Look at your website and ask yourself: “What are the outcomes I need to measure in order to judge the success of the website?” Maybe they’re the things which Google Analytics just happens to offer you as its initial examples, like “visits” and “time on site” and “bounce rate” (whatever that means). I bet they’re not though.

Even if the overall number of visitors is one of the outcomes you want to measure, it’ll only be the potential prospects which you need to know about. The numbers you really want to know about will be to do with people reading product pages, people downloading data sheets, people emailing you for more information. These are the things which you need to set up your website analytics program to measure.

So have a think. Are there any neat dividing lines between website visitors I’m interested in, and those I’m not? If so, can I just measure the good ones? What actions am I trying to get these people to take on the website? Can I set up my website analytics program to measure these actions?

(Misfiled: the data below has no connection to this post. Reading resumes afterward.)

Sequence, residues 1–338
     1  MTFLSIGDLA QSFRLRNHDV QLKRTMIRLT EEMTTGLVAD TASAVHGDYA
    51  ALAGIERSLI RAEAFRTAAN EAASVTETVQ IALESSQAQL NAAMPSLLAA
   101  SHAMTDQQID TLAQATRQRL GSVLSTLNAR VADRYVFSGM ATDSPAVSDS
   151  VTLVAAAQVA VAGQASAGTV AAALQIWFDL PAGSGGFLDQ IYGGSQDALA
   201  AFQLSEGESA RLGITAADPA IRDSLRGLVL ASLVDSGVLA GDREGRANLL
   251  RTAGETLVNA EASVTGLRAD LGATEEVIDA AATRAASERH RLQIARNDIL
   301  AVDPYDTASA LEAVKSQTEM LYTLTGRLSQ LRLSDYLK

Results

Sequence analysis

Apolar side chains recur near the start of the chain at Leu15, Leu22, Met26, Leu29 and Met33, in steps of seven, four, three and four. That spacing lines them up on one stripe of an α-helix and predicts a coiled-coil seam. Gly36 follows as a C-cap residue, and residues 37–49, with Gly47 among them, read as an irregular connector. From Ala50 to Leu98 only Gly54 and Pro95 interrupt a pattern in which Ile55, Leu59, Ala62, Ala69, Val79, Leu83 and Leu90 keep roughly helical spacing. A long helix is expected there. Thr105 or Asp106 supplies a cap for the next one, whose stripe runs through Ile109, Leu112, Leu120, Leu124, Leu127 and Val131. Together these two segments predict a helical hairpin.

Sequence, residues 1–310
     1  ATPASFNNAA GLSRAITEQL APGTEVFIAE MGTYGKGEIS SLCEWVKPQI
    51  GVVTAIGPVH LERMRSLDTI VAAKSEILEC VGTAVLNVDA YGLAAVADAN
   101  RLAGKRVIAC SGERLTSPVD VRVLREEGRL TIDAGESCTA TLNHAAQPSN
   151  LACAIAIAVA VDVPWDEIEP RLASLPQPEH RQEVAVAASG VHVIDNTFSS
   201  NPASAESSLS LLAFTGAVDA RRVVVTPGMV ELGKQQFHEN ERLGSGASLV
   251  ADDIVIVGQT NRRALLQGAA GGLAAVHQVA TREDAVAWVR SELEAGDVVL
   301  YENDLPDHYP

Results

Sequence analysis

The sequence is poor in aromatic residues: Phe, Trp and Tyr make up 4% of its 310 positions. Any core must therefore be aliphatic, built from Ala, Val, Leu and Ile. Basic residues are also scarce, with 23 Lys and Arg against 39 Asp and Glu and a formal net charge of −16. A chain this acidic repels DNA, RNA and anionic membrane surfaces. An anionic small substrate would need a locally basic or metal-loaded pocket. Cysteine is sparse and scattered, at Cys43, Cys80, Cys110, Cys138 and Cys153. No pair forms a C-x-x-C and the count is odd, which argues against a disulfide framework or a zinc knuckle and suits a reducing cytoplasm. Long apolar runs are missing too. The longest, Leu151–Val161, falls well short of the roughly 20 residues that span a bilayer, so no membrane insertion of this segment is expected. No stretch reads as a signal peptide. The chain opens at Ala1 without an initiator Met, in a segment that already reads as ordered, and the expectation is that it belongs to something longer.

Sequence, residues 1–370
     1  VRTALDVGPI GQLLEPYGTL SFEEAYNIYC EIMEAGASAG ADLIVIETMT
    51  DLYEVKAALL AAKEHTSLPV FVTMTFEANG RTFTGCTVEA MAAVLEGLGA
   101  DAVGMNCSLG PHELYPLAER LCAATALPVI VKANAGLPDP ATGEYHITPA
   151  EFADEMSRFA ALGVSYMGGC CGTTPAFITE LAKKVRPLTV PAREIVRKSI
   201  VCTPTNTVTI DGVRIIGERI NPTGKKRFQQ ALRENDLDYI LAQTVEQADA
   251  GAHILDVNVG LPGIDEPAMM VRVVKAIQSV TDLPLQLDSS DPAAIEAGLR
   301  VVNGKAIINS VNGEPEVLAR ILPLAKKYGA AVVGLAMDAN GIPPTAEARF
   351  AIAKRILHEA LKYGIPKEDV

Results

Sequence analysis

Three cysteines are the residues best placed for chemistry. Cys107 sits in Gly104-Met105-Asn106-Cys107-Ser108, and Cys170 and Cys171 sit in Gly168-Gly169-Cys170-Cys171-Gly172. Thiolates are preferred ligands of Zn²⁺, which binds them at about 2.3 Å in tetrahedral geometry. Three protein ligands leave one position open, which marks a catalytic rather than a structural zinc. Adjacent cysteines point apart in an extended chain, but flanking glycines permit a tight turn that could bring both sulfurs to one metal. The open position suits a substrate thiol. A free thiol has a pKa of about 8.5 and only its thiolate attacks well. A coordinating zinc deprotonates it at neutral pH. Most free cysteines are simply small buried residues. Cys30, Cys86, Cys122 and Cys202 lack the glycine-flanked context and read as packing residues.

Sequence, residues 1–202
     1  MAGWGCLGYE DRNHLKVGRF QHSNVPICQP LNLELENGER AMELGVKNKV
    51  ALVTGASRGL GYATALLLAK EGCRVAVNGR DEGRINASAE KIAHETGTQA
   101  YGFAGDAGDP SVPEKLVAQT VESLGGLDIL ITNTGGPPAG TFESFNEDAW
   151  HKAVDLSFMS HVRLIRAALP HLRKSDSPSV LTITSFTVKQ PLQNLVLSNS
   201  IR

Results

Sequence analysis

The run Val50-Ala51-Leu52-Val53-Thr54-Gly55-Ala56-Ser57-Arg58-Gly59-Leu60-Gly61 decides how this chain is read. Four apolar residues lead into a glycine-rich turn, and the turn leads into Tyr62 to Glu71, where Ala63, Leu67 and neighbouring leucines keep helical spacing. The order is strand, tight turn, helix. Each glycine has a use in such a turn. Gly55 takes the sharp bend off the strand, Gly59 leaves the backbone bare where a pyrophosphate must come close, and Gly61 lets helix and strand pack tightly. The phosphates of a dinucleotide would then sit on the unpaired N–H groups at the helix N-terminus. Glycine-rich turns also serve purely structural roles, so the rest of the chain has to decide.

At the moment, you probably have Google Analytics set up with the standard “dashboard”, and from this, you’re getting the very unexciting data that in November, you’ve had 2100 visitors, so this month you might well beat October’s 3000. It looks like of those 2100, half came from Google, 200 came from Widget World Monthly Online, and 150 you don’t know about, but they came in a big group on the day you sent out your last newsletter. And quite frankly, they’re all just numbers.

Wouldn’t it be better to know that in November you’ve had 800 visitors who might be interesting, because they looked at more than one page and they’re from Western Europe (which is the only place you sell)? And to know that of these, 130 downloaded one or more datasheets, 90 signed up for your email newsletter and 45 requested product information through your enquiry form? How does that compare with last month? And wouldn’t you know it, those visitors from Widget World Monthly Online turn out to form the bulk of the new email newsletter signups, most of the datasheet requests came from your newsletter readers, and the traffic from your neglected Google AdWords campaign didn’t seem to do anything at all!